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General services tax a work in progress

While there is “nothing mysterious” about the delay in rolling out the general services tax, now set for April 2018, Bob Richards, the Minister of Finance, conceded that the Bermuda Government had “yet to really define the scope of it”.

The proposed 5 per cent will be levied on turnover from the provision of most services by service providers to the public, according to the Budget statement.

The tax will not apply to banking, insurance and money service businesses, who will face a separate financial services tax instead.

Its method of implementation and the list of companies that will be affected remains a work in progress, Mr Richards said.

The Government's long year of consultation on adjustments to the payroll tax system has consumed much of the time that would have been devoted to fine-tuning the GST, which was proposed in last year's Budget, MPs were told.

The minister discussed elements of the 2017-18 Budget at a press conference after his two-hour statement in the House of Assembly, with Mr Richards fending off the suggestion that he had delivered an election year Budget. “People can put whatever spin they want on it, but the things done this year have been laid out for a couple of years,” Mr Richards said, calling it “one part of a multiyear plan to completely eliminate the annual deficit”.

The minister was joined by Michael Dunkley, who hailed it as “a Budget for our current times”, in line with “a robust strategy that would help us wrestle back control of our public finances”. The Premier said finer details would start to emerge next week, as the various ministers held press conferences on the Budget's implications for their portfolios.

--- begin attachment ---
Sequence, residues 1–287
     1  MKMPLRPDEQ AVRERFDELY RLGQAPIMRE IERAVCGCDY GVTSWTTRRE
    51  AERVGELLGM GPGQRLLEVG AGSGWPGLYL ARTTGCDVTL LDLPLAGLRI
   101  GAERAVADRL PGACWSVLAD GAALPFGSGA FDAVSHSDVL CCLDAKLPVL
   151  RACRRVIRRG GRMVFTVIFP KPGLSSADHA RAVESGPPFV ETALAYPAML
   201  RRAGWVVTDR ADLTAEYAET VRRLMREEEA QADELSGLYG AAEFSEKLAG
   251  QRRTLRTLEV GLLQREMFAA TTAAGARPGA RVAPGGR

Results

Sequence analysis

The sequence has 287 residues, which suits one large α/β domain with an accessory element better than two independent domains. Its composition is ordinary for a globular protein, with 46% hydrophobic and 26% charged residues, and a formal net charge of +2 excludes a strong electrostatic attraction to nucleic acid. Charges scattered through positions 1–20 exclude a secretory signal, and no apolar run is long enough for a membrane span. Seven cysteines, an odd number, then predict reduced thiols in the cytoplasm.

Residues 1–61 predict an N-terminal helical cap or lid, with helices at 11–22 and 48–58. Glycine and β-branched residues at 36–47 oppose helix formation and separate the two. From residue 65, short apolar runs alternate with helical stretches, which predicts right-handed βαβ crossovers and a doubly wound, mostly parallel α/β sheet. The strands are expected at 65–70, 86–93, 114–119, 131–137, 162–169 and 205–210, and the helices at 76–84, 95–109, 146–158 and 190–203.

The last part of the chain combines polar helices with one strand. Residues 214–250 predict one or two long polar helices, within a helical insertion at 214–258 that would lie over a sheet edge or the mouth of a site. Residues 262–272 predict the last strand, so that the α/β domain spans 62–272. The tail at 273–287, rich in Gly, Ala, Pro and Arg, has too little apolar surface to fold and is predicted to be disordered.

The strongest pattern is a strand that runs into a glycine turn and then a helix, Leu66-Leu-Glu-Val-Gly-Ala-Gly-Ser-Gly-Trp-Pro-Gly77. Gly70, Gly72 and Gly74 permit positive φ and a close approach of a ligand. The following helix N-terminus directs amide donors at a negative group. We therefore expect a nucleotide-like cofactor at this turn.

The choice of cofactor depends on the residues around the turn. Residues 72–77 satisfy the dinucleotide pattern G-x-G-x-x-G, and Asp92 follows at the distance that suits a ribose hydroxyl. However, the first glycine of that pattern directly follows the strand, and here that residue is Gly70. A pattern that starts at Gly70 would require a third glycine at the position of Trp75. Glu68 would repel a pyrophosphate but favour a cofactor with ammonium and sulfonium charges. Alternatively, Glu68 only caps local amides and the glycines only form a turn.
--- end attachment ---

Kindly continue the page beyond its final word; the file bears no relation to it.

Mr Richards's full statement read:

“The National Budget for 2017-18 moves Bermuda closer to our goal of having a balanced budget, whereby no money will be required to be borrowed to finance the needs of Government.

“Projections for 2018-19 indicate that the Current Account surplus will cover interest charges and capital expenditures, meaning that for the first time in 15 years, Government will not be adding new net debt, and will start reducing it. But for the first time in Bermuda's history this coming year, our debt service will be the highest line item of expenditure. Servicing the national debt will be more expensive this year than the budget for any single Ministry.

“All told, for fiscal 2017-18 there will be a projected deficit of $135 million — that's $135 million more in expenditure, than anticipated revenue, requiring $135 million in new borrowing.

“But this deficit is $64.4 million less than the 2016-17 deficit, which was nearly $200 million. We have been making annual progress in whittling the deficit down.

“This Budget puts our net public debt at $2.398 billion, with a projected debt service cost of $186 million, claiming nearly 18 cents of every dollar the Government collects in revenue.

“This Government Budget is one part of a multiyear plan to completely eliminate the annual deficit — the most important part of our financial plan to ensure the long-term prosperity for the Bermudian people.

“To take that step, the Government is moving to both broaden the tax base, and, establish tax cuts to ease cost-of-living pressures on lower-income earners.”

Finance minister Bob Richards arrives at the House of Assembly (Photograph David Skinner)

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Published February 24, 2017 at 4:07 pm (Updated February 25, 2017 at 1:18 am)

General services tax a work in progress

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